Updated news on the Gambino, Genovese, Bonanno, Lucchese and Colombo Organized Crime Families of New York City.

Tuesday, September 27, 2011

Douglas LaChance, Newspaper Union Racketeer, Dies at 69

Douglas LaChance, who led the powerful union that represented New York City newspaper deliverers in the 1980s and ’90s and whose crafty, two-fisted approach led to a prison term on racketeering and extortion charges, died on Wednesday, in Long Beach, N.Y. He was 69.
Douglas LaChance in 1980.

The cause was a heart attack, his son Ricky Lonergan said.
Mr. LaChance was president of the Newspaper and Mail Deliverers’ Union when it represented drivers for 16 principal newspaper distributors in the New York metropolitan region as well as for New York City’s three principal newspapers: The New York Post, The Daily News and The New York Times. The competition for territory was bitter among the distributors, often infiltrated by professional criminals.
After the failure of many New York newspapers in the preceding decades, Mr. LaChance focused on job security, including his own as a well-paid truck driver for The Times. His willingness to trade concessions in work rules for better wages and benefits and to make long-term deals won praise in 1992 from The Times’s publisher, Arthur O. Sulzberger Jr.
Some of his union’s members, however, criticized Mr. LaChance’s willingness to sacrifice driver routes and jobs for financial security for those still employed.
The deliverers’ union had more power than other newspaper unions because it controlled the only way the newspaper companies could get daily papers to readers quickly. Other unions had been weakened when newspaper managements figured out how to mechanize many tasks and assign managers to take over production jobs during strikes.
Mr. LaChance, a big, man, used his negotiating skills to help himself as much as his members. In 1980, he was convicted on 124 counts of extortion and racketeering for demanding and receiving payoffs from newspapers and distributors. One count involved a concession he won from companies in which they would give $3,000 to each worker they laid off. He was convicted of keeping the money for himself.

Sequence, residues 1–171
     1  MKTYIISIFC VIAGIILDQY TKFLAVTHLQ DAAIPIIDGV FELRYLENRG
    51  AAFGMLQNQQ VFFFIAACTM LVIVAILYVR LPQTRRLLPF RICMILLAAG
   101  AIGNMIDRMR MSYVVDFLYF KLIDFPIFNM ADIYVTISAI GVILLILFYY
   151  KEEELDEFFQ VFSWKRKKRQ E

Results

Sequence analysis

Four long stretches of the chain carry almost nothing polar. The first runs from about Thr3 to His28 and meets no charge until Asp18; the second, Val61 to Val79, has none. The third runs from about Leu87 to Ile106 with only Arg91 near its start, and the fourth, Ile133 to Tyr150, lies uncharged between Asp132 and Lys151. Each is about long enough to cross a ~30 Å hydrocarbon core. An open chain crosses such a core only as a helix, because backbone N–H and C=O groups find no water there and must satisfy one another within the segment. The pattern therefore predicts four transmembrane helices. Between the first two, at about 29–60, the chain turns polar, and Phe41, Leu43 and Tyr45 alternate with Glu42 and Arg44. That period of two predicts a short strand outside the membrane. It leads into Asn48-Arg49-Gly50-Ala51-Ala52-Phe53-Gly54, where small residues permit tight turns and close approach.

Mr. LaChance was also convicted of accepting payments from bigger distributors to foment labor unrest at smaller competitors. Still other counts detailed how he had demanded and received regular monthly payments from distributors. In all, he was convicted of accepting $330,000 in payoffs.
Mr. LaChance was union president from 1976 to 1980, when he resigned to go to prison on extortion, racketeering and other charges. After serving 55 months, he returned to driving his truck and working in the union. He was again elected president in 1991 and held the job until 1993, though he returned to prison for four months during that time after violating his parole by testing positive for cocaine.
When Mr. LaChance was sentenced to 5 to 12 years in 1980, the judge said his offenses could have earned him a prison term of 1,200 years.
Douglas Edmond LaChance was born on Feb. 3, 1942, in Queens, where he grew up in the Richmond Hill section. His father was a police officer. In an interview with The Village Voice in 2001, Mr. LaChance said he knew gangsters as a teenager, recalling that the former mob boss Joseph A. (Socks) Lanza, had left him with some useful advice: “Hey, kid, keep your eyes open.”
Mr. LaChance began driving for The Times in 1959 and became union business agent in 1969. In 1985, a truck he was driving skidded off a bridge in Connecticut and fell 60 feet. His seat belt saved his life, he said, but he lost his spleen in surgery.
In 1995, Mr. LaChance was acquitted of charges that he had threatened The New York Post with labor unrest if it did not hire Pelham News, a nonunion company, to deliver The Post to retail outlets. Mr. LaChance was alleged to have been a hidden owner of Pelham.
In addition to his son Ricky, Mr. LaChance is survived by his longtime companion, Elizabeth Guarnieri; his daughters Sheri Ralph and Suzanne McCrosson; his sons Glenn LaChance and Corey Lonergan; a sister, Eileen Young; a brother, Gerald; and 12 grandchildren.
Enemies may survive him as well. He told The Voice about the time the police asked him if he had any. “Try the Manhattan phone book,” he said.



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